In reality, these beautiful saltwater species usually appear black with three white bands, unlike Deb and her sister, who have blue bodies.
12. “Gill” – Moorish Idol; Zanclus cornutus
Moorish Idol by reddo-tan
Gill, the fish with the scar on its face, that’s also found in the dentist’s office scene, is a Moorish Idol.
This fish species has a black and white body with yellow stains here and there.
In real life, the Moorish Idol doesn’t survive easily in captivity, which is why it isn’t popular in the saltwater aquarium hobby.
Anyway, biologists are almost convinced that the Moorish Idol is the only species of the Zanclus genus.
13. “Gurgle” – Royal Gramma Basslet; Gramma loreto
Royal Gramma Basslet by LordMarvolo
Gurgle is the beautiful half-yellow and half-purple fish in the dentist’s aquarium that wants to keep everything clean and sanitized.
In the real world, he is a Royal Gramma Basslet.
This fish comes from the Gramma genus of fishes native to the tropical waters of the western Atlantic Ocean and the Caribbean Sea.
Furthermore, It is known that all of the genus members are brightly colored, and, typically, with two different colors.
This type of fish is common for the saltwater aquarium hobby, as Royal Grammas are small, generally peaceful, and don’t require large fish tanks. If you want to learn more about these fish, you can check out my post on the best saltwater aquarium species for beginners.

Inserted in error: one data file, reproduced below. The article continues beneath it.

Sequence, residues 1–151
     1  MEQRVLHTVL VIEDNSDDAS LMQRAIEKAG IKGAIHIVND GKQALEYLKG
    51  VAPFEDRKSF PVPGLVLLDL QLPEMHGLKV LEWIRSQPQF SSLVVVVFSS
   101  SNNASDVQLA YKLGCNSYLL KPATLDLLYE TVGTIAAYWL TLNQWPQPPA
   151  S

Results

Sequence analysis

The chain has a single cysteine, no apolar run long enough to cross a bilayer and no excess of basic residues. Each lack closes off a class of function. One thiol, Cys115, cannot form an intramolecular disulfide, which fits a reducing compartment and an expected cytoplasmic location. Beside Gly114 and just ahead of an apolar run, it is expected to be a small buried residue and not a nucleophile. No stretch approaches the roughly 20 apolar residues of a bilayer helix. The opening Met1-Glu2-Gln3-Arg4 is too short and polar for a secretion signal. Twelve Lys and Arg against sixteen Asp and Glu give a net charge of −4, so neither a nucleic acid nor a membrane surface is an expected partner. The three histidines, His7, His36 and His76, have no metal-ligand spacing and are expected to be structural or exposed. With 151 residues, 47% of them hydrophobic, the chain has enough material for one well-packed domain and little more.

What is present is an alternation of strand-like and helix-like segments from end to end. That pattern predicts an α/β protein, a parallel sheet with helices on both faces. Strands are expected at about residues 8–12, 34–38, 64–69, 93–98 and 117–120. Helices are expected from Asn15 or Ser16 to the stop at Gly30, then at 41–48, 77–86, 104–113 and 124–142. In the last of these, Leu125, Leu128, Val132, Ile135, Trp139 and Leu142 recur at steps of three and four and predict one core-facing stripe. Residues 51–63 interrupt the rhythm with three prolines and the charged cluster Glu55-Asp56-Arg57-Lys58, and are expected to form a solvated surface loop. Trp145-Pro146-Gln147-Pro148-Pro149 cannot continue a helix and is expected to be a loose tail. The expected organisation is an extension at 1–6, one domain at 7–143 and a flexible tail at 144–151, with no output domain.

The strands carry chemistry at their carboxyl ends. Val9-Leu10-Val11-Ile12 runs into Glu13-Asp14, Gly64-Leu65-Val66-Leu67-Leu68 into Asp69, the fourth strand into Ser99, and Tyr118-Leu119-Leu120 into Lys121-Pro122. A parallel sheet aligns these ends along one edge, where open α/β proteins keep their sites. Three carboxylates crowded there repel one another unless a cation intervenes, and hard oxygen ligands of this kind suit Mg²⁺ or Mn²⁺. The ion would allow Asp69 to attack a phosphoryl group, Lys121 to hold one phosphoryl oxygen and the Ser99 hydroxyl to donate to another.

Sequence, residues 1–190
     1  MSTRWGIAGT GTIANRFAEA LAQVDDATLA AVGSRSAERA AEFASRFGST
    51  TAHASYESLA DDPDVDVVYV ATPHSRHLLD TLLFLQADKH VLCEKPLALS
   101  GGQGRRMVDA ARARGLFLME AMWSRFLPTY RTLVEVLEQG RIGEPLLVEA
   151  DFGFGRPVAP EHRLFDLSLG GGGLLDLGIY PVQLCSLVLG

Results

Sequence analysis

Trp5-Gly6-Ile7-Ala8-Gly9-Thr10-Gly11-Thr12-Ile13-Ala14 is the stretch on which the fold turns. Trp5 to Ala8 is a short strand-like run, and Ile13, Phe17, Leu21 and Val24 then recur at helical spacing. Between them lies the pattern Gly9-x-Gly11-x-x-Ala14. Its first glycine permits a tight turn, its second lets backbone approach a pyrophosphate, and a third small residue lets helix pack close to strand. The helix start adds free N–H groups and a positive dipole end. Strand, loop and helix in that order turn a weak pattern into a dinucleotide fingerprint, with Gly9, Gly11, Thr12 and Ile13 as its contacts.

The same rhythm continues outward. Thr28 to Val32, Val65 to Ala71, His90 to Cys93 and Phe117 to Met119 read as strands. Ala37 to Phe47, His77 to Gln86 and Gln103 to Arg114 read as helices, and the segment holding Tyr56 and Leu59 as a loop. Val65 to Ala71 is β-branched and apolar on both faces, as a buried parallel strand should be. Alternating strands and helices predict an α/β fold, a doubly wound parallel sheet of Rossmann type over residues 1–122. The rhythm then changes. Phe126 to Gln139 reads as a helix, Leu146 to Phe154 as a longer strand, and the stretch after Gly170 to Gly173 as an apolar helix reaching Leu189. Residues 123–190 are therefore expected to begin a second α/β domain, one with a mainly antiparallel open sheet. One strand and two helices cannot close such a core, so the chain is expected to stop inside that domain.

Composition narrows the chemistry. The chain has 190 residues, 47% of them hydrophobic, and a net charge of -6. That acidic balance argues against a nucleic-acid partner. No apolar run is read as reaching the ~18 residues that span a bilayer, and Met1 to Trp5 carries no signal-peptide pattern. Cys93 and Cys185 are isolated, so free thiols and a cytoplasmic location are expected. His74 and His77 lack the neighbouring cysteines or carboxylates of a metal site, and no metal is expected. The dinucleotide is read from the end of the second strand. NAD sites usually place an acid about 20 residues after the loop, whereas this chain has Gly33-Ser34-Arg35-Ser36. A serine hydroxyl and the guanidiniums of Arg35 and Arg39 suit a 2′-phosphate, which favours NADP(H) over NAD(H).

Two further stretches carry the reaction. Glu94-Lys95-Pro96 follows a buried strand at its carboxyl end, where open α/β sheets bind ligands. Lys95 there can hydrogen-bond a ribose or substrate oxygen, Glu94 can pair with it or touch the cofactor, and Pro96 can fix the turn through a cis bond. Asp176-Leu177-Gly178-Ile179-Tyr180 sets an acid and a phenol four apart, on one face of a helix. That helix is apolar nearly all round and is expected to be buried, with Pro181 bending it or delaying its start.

Author’s Note: Jacques from the same dentist aquarium is a Pacific Cleaner Shrimp or as it’s known in the scientific community – Lysmata amboinensis. Jacques is the character that cleans Nemo after the cute clownfish says he’s coming from the ocean.
14. “Bloat” – Porcupine Pufferfish; Diodon holocanthus
Porcupine Pufferfish by Justin_Reef
The species name of Bloat, the fish that bloats up when stressed, is Porcupine Pufferfish.
This species is one of several within the genus Diodon, belonging to the family Diodontidae.
These types of pufferfish require a big aquarium, but it’s rather simple to take care of them.
If you want to set up a “Finding Nemo”-inspired fish tank, you should consider getting a Porcupine Puffer.
They have a ton of personality and are quite fun to observe!
15. “Chuckles” – Goldfish; Carassius auratus
Goldfish by rajan311